Friday, November 13, 2015

Alma 44

(October 19, 2015)
                We will, as we strive to live the Gospel in a pluralistic (and, increasingly, unrighteous) society, fall into situations where it is necessary to take a stand to defend not only our beliefs but also our rights to hold those beliefs.  Just as Moroni realized that he needed to take his sword and kill his enemy in order to preserve his right to worship God, we too will ultimately find ourselves in conflict (hopefully not mortal conflict, but that is largely outside of our control) to preserve this very same right for us.

                There is much to learn about how we should respond in these situations from Moroni.  First, he backed off when he had control of the situation.  He did not back off before, when the issue was in doubt, nor did he continue to fight when the situation was in control.  He backed off once he was certain of the victory.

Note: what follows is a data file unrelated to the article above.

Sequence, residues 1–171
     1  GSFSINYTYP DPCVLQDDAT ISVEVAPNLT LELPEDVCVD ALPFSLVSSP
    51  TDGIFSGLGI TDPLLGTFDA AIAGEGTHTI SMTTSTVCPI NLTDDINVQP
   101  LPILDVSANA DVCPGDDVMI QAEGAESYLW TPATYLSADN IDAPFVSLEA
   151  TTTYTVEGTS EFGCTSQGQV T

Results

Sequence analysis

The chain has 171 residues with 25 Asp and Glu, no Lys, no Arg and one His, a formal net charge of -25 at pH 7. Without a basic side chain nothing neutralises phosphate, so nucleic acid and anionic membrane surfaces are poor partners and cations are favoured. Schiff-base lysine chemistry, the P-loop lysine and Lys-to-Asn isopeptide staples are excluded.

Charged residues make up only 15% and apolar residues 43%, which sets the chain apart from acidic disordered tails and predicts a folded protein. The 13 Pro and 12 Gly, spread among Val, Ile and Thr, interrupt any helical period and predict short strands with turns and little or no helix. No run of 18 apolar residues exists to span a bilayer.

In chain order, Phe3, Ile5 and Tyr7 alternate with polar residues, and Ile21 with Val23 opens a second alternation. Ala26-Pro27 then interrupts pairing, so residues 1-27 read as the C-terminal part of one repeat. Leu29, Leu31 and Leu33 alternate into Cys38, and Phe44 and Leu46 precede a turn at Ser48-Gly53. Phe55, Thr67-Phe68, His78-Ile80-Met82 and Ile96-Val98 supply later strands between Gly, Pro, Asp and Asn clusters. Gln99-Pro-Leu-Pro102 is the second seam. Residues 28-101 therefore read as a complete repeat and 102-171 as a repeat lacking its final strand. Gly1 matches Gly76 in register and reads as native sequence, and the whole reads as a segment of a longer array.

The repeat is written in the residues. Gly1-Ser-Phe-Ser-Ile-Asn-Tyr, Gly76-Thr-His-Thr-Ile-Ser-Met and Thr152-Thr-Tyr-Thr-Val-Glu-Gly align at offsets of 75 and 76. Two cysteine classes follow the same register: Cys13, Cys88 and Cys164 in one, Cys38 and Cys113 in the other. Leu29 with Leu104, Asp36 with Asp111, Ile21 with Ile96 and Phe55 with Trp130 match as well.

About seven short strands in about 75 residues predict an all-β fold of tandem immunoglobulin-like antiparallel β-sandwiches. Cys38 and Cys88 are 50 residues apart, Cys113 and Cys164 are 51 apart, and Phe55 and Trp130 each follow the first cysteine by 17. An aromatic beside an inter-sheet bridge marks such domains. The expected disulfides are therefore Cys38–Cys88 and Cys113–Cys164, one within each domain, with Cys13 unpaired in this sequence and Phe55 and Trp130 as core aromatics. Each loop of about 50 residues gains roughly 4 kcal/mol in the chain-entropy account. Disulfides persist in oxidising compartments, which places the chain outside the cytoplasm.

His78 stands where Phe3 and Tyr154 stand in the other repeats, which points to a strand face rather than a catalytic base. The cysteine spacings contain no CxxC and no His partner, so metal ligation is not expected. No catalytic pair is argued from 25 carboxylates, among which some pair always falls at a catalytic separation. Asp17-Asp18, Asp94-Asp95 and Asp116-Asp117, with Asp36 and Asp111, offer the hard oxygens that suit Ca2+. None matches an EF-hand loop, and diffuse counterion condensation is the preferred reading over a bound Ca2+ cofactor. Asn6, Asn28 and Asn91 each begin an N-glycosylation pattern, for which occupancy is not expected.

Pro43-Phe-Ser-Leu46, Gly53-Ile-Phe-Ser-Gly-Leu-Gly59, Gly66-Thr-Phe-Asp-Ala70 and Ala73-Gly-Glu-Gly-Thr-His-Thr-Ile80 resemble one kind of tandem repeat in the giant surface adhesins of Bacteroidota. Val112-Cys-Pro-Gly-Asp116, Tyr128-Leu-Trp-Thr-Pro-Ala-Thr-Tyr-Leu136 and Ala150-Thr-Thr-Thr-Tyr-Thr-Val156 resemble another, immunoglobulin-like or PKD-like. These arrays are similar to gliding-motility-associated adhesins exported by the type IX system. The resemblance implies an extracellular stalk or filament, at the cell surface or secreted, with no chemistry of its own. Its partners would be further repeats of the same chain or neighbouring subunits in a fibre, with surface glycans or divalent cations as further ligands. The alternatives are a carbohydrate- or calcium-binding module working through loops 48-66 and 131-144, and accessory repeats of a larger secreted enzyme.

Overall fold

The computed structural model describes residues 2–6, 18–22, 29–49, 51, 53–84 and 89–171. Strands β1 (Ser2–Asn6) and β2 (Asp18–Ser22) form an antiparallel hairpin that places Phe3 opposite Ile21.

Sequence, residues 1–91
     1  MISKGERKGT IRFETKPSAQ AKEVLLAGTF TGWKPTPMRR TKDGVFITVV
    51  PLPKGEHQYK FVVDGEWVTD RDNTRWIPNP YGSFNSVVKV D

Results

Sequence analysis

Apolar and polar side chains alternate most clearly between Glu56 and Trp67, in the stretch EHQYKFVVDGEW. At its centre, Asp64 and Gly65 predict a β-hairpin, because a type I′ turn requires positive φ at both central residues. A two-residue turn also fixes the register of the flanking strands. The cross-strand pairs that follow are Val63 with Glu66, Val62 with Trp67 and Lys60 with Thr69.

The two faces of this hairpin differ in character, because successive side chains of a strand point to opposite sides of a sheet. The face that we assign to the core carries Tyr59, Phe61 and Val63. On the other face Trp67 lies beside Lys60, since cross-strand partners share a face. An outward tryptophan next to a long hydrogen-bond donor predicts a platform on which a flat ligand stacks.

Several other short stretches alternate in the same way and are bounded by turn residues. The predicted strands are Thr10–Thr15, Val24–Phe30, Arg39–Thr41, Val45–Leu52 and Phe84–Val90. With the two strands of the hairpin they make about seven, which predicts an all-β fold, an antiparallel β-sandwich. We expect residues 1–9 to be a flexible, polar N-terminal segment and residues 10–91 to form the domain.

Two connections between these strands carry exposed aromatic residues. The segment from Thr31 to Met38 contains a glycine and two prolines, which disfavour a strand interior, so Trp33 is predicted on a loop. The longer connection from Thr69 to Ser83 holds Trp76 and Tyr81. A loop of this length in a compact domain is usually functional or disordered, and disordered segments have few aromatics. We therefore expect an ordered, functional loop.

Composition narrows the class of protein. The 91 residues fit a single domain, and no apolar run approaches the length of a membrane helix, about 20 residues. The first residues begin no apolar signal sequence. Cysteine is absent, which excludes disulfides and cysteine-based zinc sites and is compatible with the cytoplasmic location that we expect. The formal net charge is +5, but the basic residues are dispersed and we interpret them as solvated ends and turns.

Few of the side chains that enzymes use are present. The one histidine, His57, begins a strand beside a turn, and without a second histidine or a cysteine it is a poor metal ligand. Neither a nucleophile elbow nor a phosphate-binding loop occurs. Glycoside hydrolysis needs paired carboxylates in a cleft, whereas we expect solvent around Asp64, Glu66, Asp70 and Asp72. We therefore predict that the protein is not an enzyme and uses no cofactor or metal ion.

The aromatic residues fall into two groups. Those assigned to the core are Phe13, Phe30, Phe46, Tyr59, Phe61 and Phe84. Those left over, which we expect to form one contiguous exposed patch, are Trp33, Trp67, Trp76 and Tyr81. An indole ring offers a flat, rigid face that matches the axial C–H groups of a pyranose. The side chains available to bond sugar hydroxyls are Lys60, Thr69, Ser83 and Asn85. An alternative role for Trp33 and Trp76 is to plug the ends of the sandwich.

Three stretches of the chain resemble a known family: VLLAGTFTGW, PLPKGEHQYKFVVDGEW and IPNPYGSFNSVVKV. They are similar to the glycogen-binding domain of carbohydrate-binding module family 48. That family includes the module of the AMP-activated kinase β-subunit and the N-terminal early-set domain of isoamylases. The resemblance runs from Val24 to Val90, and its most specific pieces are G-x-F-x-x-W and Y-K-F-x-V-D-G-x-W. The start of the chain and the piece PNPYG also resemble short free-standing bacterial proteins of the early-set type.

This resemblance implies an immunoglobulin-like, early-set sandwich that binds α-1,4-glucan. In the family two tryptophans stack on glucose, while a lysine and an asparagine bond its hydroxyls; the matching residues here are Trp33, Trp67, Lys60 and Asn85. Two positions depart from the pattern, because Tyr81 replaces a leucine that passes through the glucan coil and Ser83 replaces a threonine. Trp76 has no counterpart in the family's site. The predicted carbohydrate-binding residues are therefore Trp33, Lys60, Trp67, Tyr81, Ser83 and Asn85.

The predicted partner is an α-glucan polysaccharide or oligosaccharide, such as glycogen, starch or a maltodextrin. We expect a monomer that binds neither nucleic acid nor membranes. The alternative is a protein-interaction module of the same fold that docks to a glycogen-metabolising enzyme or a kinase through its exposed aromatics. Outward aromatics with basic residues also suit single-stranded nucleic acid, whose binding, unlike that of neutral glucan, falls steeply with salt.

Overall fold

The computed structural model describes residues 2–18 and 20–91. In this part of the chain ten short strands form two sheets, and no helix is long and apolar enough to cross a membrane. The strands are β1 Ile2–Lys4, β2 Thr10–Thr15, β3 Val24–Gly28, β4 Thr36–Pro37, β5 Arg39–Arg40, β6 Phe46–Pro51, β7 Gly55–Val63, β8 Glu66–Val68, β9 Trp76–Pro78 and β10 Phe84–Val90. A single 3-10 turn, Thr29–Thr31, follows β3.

At this point, he gave his enemy an opportunity to escape the consequences of his own unrighteous behavior.  In all honesty, this is somewhat amazing to me.  He faced an enemy that was seeking for power, who unjustly hated him and his people, who had undoubtedly killed those he loved (and would have gladly killed him).  And yet, despite all of this (and despite perhaps his enemy ‘deserving’ destruction), he backed off at the moment he had control of the situation rather than pursue justice or retribution.

                Seeing this, in my current situation, is really quite amazing to me and brings home what kind of man Moroni was.  I aspire to that level of love for those who intentionally work to hurt (or destroy) you, but I am not there yet.

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